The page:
Labour calls on Johnson to cancel India trip amid Covid variant surge

Joanna Taylor
·2-min read
 (Getty Images)
(Getty Images)

Boris Johnson should cancel his plans to visit India later this month because of their spiking Covid-19 cases, Labour has said.

The Prime Minister is set to attend trade talks in the country on 26 April.

But scientists and government officials have raised concerns about the spread of a Covid-19 variant first identified in India. More than 70 cases have already been recorded in the UK.

Shadow Communities Secretary Steve Reed said that he can’t understand why the Prime Minister won’t hold his talks over Zoom.

Asked by Sky News’s Sophy Ridge whether Mr Johnson should still be planning his trip, he said: “he shouldn’t be, no”.

“There are new variants emerging all around the world. The government is telling people don’t travel unless you absolutely have to travel,” Mr Reed said.

“I can’t see why the Prime Minister can’t conduct his business with the Indian government by Zoom. I think the Prime Minister and all of us in public life need to try and set an example.”

Mr Johnson has scaled back his trip in response to to concerns over India’s rising cases and Downing Street has insisted that “all elements will be Covid-secure”.

But his decision to go, particularly as the B.1.617 strain lies behind the dramatic surge – including in Delhi, the Prime Minister’s planned destination – has been branded “crazy” by a University College London scientist.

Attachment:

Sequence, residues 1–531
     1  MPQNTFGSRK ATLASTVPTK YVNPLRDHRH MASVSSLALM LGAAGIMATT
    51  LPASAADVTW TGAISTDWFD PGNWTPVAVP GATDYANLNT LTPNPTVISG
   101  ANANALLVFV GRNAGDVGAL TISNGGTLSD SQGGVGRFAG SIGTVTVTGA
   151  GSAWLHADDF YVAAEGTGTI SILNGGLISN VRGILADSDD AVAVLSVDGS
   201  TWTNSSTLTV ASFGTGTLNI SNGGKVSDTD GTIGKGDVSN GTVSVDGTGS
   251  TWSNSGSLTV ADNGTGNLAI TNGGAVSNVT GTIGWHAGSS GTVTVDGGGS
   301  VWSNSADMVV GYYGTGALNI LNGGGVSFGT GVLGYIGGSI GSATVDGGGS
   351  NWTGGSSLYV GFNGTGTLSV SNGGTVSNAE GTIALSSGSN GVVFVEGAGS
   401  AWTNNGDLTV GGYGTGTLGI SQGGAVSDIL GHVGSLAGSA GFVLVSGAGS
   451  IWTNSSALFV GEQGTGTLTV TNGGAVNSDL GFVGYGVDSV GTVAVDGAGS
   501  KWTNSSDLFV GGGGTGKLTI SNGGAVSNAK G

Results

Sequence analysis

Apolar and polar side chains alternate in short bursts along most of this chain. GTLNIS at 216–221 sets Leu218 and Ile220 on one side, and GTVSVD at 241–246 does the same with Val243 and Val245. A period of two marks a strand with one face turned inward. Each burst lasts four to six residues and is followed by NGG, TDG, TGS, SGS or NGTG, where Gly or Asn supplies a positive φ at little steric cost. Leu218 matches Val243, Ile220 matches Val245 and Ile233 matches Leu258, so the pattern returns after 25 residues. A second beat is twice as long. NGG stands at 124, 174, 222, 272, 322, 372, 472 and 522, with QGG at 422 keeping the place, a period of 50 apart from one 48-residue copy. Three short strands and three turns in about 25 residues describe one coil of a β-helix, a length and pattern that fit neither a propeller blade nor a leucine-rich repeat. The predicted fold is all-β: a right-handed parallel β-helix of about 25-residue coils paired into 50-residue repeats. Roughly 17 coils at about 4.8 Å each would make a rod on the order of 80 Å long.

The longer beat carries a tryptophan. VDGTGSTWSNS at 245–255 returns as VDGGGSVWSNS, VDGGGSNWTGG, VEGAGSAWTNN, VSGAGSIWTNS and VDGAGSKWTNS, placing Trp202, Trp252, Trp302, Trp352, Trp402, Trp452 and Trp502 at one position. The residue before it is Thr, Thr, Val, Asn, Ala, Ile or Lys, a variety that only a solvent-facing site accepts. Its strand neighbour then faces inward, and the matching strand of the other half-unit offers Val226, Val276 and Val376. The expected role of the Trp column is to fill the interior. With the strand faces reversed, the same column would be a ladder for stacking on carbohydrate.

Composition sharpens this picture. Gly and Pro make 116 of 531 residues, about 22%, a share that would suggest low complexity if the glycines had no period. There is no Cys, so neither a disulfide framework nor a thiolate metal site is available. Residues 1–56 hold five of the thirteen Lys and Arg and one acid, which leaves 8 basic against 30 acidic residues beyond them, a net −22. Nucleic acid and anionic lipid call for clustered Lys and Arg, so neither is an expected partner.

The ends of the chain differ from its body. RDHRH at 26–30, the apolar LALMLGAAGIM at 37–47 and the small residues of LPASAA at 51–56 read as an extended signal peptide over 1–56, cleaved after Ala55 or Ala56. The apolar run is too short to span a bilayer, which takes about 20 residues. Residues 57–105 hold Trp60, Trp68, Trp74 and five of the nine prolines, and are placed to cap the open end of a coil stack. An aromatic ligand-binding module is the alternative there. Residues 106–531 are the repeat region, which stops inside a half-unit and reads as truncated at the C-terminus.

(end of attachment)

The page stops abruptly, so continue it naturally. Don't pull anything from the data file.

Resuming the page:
Professor Christina Pagel told The Independent: “He shouldn’t be going – it’s just crazy. How insane would it be if we end up pushing our vaccination programme back by weeks or months because Boris Johnson went on a foreign trip?”

Dr Susan Hopkins, chief medical advisor for NHS Test and Trace, has warned that it’s possible to become infected by different strains of coronavirus even when vaccinated.

“We have seen some people who have had their first dose of vaccine who have had the South African variant and the variant that arose in Kent,” she told BBC’s the Andrew Marr show.

“That’s why we ask people to take caution.”

Dr Hopkins added that there isn’t yet enough data to classify the Indian strain as a “variant of concern”.

“We have seen a couple of cases that haven’t arisen from travel but we’re still trying to undergo the investigations to look in great detail at where they might have acquired it from,” she said.

India has reported daily spikes of more than 200,000 cases over a 48-hour period in the last week.

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